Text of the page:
Here, it is possible to hear the reconstructed recording by Scott of the song “Au Clair de la Lune”. The recording was reconstructed in a certain speed that made it sound as if a young girl sang the song, but after additional findings and a change in speed, the researchers believe that it is Scott himself singing the song.[8]

Listen to Scott’s full discography, including various experiments in sound recordings that were conducted between 1853-1860.

On another occasion, Alexander Graham Bell recorded himself in 1885, and the recording was first heard only in 2010, after a similar sound-reconstruction process[9] took place.

Bell conducted earlier recording experiments, and approximately in 1874 he built his own phonautograph by using a human ear and part of a skull, taken from a human cadaver. He used the ear as a membrane and shouted into the cut-off ear of a dead man.[10]

Collective Sonic-Memory

If we examine the long-term memory as carrying an abstract, sociological meaning, it is possible to read the oral (and later written) traditions passing from generation to generation – the songs, prayers and rituals – as a collective sonic memory, that merely by repetition and continuity becomes a form of long-term memory. Memory that travels laterally-geographically from group to group (memory on a horizontal axis) and on the timeline from generation to generation. An idea of symbolic resonance that exists on the generational sequence in different scales of time and size.


What if we could reconstruct the extinct music of the world?

So how preposterous is Marconi’s theory? Will future technological developments fulfill such a possibility? Perhaps in the future, a natural organic matter will be found, in which a previously embedded sound event could be reconstructed? Would it be possible for sound waves imprinted by a natural mechanism that simulates the mechanical sound-recording to turn back into sound? Earthquakes are essentially a kind of natural sound recording mechanism, recorded in soil, and other speculative possibilities may be an animal or a rock in the depths of the sea, a tropical plant in a forest, thin icebergs or cave stalactites.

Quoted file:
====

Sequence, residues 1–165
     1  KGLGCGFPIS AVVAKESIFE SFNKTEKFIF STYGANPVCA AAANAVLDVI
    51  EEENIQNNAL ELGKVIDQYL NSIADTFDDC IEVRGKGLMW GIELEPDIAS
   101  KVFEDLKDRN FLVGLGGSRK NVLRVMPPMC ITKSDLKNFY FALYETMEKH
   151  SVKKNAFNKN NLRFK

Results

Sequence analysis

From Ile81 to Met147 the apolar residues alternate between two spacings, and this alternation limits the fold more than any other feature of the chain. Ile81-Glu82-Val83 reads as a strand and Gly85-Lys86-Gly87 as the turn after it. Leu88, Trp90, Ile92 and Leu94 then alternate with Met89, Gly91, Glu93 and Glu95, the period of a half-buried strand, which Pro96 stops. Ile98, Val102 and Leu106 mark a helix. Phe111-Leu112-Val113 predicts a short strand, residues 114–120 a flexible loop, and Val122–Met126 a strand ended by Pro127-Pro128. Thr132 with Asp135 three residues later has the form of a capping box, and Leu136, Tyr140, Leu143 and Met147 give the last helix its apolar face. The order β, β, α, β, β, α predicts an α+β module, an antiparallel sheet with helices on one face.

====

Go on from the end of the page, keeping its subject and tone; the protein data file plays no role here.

Genetic sonic-memory

On the other side of the spectrum, while on its one end is the eternal memory, there may exist an inner mechanism of genetic sonic-memory. The influence of sound on physiological and psychological mechanisms is partially known, but perhaps it is also linked to genetic memory that carries information of ancient ancestors, which in its turn influenced psychoacoustic evolutionary changes. Similar to sea turtles that know how to return to the shore where they hatched from an egg,  to monarch butterflies that know the course of  migration, and cicadas that know how to produce sound – perhaps an instinct that originated with genetic-sound memory, led to physiological changes that cause us (generally speaking of course) to become startled by loud sounds or to fear a low sound; to flinch from an unpleasant dissonance or to relax with slow rhythm, and even produce the first sound: a cry,  which could also be an ancient knowledge of the only way that a helpless baby can defend her/himself and express distress, but also resonate their existence in the world. The vibration and resonance of sound in the ear-body-brain is that which awakens dormant survival mechanisms.

Athanasius Kircher / Mundus subterraneus 1665

Translated by: Dina Yakerson



Reznikoff, Iegor. The Evidence of the Use of Sound Resonance from Palaeolithic to Medieval Times (in Archaeoacoustics edited by C.Scarre & G.Lawson)

Hale, Susan. Sacred space, sacred sound : the acoustic mysteries of holy places





[4] Ibid

[5] Hale, Susan. Sacred space, sacred sound : the acoustic mysteries of holy places, pp. 27-33

[6] It could be interesting to explore the way the space in which the music was played/sung designs its aesthetic (M.T)